M.S Butler

It's that time of year when thousands of students across the country get ready to graduate from public and private schools. But in St. Petersburg there's a unique group taking a walk across the stage after finishing four years at a local college.

It’s graduation week and there’s a buzz of anticipation in the air at Eckerd College. The ceremony is just about to begin and members of this class are too excited to sit or speak.

But this is not your normal graduating class

It Takes A 'Forest' To Feed An Elementary School

May 4, 2015
John O'Connor / WLRN

Rain is terrible when you’re trying to give tours of your new garden.

But it’s great for the spinach, sweet potato and purple passion fruit rapidly taking root.

On a very rainy day, Kelsey Pharr Elementary third graders Ronnield Luna and Jeffrey Arroyo are showing grownups around what used to be a grass field.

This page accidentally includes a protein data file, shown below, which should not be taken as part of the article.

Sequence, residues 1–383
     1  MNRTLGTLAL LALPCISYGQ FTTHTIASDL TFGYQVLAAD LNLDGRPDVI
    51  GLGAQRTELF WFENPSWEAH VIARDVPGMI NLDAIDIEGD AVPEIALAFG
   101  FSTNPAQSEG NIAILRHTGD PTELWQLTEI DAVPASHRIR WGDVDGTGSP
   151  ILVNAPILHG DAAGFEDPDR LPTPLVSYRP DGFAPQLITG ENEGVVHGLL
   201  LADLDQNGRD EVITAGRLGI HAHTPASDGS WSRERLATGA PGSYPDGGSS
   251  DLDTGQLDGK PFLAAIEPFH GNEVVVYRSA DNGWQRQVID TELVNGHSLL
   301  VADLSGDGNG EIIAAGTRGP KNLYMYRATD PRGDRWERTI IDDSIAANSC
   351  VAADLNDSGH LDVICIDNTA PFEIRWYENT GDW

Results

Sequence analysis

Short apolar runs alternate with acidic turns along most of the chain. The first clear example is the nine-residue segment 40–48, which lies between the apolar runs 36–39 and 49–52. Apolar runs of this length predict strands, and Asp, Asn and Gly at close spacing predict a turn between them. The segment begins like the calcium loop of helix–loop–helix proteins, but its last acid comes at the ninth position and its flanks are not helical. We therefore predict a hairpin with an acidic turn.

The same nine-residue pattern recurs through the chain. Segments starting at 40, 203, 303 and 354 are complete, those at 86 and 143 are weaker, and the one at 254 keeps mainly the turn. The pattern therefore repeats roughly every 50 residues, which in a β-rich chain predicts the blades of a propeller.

Now the school in Miami’s Brownsville neighborhood has several thousand square feet of all kinds of fruit and vegetables.

Some you can find at your supermarket.

Aimee Blodgett / USF Communications and Marketing

When thousands of University of South Florida students walk across the stage to receive their diplomas this week, they will be helping to reduce environmental waste.

USF Student Government voted this year to use caps and gowns made from 100 percent recycled materials. Each set is made from about 23 plastic bottles.